Like most Palestinian children, Mohammad Khatib was raised to avoid politics, widely understood as a shortcut to an early grave or an Israeli prison. Khatib took the advice and bent to his studies. But on Feb. 2 he noticed that a friend had updated her Facebook status to say she was going to demonstrate in solidarity with Egyptians in Ramallah’s central square. He remembers thinking: If she’s going…
“Mostly, I’m not Akind of an activist,” says Khatib, 23. “Mostly, I’m not political.” But the part of him that is will hark to a certain appeal, and hearing it from Cairo, one more bright young Arab found himself edging from private concerns into public life.
“I think I’m a guy who’s more attracted to principles than to ideology,” he says. “I’m Muslim but I’m not like the extremists. I don’t believe in patriotism. I’m more about humanity, because it doesn’t matter if you’re Palestinian, Egyptian, you’re human. You have rights.”
So he went to the demonstration, and tucked a friend’s Blackberry into the top of his pocket to make a video record of Palestinian Authority riot police dragging away peaceful protesters, and fooled the policeman who wanted him to delete it. He live-Tweeted to make another record of what was happening.
Khatib looks like he ought to be the vanguard of the change roiling the Arab world: Bright, pony-tailed, up to his eyeballs in the digital world. But in fact he is on the cusp, unsure that he would go to another demonstration, and his ambivalence says a great deal about both the potential and perhaps the limits of the uprisings driven by the new generation. What was important to Khatib about the Ramallah demonstration, it turns out, was what it was not: Something organized by a party, or other established organization that wants you for its own purposes. He doesn’t like organizations. What he trusts is other people, as he encounters them through social networks digital and otherwise.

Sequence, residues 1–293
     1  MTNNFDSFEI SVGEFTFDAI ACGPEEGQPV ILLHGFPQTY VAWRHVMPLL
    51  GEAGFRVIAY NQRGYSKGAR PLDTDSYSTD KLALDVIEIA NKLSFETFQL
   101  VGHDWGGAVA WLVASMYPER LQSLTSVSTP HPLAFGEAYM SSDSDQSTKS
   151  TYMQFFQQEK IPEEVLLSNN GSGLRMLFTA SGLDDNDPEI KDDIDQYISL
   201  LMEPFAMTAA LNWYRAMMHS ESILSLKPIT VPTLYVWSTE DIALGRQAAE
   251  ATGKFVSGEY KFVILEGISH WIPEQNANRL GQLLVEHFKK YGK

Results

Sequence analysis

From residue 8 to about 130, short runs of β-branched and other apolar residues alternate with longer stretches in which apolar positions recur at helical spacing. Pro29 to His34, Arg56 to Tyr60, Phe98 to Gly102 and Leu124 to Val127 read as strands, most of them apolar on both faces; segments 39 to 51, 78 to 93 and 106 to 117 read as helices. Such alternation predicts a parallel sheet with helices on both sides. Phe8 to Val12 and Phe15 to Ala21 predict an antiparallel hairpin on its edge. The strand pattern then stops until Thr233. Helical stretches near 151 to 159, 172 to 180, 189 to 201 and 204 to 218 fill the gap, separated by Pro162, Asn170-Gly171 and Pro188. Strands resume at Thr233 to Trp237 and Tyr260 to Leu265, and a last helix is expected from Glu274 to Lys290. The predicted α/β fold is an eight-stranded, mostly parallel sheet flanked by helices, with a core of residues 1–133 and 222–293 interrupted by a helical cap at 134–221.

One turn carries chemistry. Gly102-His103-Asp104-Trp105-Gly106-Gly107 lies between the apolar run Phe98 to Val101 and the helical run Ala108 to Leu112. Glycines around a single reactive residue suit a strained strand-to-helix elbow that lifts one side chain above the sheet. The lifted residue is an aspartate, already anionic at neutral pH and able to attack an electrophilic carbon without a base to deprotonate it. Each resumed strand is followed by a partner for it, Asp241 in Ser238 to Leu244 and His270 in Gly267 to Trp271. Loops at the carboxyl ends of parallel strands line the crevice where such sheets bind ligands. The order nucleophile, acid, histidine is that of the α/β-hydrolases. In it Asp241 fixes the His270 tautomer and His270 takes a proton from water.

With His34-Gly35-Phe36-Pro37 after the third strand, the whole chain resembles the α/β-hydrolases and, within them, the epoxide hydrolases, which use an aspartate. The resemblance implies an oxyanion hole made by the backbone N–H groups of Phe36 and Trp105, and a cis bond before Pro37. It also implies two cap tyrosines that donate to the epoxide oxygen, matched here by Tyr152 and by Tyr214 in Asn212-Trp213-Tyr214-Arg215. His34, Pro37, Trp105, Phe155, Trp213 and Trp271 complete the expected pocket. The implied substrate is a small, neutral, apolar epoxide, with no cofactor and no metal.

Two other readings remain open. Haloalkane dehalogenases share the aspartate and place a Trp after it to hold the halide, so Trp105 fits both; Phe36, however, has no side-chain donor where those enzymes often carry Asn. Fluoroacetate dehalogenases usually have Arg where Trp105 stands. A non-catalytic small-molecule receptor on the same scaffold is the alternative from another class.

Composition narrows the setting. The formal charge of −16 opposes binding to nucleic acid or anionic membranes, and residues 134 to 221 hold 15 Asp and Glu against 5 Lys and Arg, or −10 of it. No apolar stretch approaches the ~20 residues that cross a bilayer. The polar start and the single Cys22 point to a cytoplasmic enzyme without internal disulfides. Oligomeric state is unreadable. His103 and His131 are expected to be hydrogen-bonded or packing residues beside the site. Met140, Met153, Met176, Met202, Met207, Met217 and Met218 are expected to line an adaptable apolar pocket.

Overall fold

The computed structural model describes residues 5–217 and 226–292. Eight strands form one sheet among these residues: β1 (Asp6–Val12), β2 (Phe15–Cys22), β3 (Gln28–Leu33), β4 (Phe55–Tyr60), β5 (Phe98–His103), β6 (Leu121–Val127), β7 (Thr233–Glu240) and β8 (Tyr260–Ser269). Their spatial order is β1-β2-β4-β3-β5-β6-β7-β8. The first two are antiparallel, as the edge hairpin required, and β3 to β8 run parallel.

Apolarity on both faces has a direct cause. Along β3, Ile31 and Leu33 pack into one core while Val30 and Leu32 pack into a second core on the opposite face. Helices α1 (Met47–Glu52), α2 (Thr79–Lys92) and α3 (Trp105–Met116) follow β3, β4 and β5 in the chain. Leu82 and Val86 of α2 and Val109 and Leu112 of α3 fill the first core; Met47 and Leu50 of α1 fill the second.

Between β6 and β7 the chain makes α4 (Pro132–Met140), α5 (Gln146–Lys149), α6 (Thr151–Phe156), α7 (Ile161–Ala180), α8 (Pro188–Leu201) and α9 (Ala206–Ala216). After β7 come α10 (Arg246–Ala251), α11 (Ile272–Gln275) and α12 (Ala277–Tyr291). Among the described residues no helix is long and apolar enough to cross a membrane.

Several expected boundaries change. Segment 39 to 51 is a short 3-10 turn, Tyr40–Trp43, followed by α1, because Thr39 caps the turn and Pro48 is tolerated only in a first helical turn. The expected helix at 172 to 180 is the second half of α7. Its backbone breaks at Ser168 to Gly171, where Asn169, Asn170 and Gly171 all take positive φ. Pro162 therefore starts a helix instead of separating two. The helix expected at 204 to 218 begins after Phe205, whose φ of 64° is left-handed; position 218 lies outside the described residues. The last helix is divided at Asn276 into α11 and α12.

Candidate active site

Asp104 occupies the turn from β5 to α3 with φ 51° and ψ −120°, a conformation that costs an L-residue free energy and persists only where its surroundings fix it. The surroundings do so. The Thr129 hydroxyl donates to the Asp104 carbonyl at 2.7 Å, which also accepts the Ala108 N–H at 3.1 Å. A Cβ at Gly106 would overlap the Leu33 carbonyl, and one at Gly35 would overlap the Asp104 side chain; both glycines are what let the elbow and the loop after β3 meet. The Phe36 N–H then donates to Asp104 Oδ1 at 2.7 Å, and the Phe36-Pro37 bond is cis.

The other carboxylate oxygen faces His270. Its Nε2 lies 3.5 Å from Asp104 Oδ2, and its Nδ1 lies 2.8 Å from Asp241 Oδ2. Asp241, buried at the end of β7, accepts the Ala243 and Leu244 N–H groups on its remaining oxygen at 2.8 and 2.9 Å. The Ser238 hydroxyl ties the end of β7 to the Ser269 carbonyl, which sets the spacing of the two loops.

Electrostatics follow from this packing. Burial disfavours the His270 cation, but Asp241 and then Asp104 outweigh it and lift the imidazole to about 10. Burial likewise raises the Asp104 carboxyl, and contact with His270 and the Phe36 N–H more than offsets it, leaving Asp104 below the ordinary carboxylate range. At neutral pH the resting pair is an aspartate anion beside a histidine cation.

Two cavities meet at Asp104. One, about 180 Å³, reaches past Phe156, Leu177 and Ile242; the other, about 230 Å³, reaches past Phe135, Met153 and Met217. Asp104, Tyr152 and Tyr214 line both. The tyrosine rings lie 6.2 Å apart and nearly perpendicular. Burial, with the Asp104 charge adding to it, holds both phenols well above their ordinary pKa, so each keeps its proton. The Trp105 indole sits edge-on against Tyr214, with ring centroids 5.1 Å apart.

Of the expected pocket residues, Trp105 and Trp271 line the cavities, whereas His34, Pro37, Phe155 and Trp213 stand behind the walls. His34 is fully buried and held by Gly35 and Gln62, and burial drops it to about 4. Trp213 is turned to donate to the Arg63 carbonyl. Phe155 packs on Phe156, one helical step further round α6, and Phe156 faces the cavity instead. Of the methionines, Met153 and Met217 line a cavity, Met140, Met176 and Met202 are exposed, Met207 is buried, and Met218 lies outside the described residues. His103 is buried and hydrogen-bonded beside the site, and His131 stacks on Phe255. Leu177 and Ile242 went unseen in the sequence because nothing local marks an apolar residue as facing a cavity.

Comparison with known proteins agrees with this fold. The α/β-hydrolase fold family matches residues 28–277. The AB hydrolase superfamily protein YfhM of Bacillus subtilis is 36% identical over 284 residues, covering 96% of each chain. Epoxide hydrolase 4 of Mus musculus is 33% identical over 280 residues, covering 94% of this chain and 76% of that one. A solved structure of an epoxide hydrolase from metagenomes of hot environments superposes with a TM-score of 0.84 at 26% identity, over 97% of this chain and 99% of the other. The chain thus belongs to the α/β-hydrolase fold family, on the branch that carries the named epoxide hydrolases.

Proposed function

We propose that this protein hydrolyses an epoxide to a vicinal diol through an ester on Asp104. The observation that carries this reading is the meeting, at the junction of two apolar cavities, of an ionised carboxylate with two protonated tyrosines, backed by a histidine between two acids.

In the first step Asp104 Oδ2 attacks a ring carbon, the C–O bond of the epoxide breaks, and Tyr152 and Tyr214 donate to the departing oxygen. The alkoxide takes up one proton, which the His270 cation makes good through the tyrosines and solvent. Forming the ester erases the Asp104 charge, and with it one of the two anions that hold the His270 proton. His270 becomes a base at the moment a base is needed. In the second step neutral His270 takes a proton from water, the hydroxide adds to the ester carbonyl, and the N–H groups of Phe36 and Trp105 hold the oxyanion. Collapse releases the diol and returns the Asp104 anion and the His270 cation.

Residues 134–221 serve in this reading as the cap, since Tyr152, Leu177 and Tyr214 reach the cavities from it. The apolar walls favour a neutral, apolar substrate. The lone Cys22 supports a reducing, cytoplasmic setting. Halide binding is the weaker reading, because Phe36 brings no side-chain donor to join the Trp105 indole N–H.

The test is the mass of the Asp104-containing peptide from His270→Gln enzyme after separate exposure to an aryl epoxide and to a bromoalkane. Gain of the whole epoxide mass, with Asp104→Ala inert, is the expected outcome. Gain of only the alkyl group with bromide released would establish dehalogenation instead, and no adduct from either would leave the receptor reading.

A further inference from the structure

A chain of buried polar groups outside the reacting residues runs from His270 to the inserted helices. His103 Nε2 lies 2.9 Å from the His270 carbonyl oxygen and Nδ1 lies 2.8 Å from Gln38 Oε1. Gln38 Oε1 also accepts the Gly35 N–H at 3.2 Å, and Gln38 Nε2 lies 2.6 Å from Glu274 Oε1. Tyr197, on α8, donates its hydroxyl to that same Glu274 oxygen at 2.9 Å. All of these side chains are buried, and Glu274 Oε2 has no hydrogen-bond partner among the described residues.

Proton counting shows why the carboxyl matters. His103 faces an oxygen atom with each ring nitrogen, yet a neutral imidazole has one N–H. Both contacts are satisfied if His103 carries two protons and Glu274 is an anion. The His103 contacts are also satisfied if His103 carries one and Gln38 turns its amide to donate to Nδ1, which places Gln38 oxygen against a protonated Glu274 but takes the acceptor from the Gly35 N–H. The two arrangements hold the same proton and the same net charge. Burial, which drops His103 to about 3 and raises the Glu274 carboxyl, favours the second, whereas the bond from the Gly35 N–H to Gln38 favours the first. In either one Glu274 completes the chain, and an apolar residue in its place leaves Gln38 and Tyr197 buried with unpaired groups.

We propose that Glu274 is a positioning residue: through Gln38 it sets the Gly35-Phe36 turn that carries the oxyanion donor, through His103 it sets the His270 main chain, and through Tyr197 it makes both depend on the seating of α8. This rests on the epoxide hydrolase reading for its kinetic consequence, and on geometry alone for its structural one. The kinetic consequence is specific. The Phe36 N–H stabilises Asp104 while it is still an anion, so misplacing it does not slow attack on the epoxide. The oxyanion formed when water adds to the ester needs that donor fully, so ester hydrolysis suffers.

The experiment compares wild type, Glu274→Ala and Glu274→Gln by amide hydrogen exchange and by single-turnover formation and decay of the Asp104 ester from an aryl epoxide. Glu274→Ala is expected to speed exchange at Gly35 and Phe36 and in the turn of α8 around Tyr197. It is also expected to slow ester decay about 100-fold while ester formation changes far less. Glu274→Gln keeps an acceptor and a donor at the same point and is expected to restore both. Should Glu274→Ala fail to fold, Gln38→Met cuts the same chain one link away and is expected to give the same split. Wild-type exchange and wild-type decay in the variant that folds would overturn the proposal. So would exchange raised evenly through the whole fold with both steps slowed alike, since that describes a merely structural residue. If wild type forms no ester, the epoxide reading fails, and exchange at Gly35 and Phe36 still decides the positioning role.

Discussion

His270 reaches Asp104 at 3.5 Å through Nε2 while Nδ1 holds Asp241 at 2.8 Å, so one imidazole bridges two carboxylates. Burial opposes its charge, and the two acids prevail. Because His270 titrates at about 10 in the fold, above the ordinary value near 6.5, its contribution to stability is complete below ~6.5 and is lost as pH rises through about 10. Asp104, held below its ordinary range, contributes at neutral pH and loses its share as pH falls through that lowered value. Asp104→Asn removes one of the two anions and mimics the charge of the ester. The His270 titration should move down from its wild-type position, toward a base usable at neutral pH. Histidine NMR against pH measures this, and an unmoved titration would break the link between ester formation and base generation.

“After Egypt, it’s just people sending stuff out and coming together, which is one of the things that’s getting me involved,” he says. “If people want to get something done, I’ll actually support.”
He has a webmaster job waiting in Mountain View, Calif., with Google. During the year it takes the visa to come through, he co-founded a business called Bazinga, a floor on a building in the newer northern section of Ramallah where for a $54 a month, young Palestinians can come to work on their ideas. “We’re a start-up catalyst,” he says, then gets a cell phone, taps on an icon of an Egyptian flag. The “Demo Egypt” app, developed right in this room, plays crowd chants from Cairo. One goes: “We are the Google. We are the Twitter. We are the generation of the computer.”
He has a brother with Microsoft in Dubai, a sister who makes architectural drawings. Their father works construction.
“As a student he was a militant,” Khatib says. “I think I remember, when I was really little, the celebration when he got out of prison.”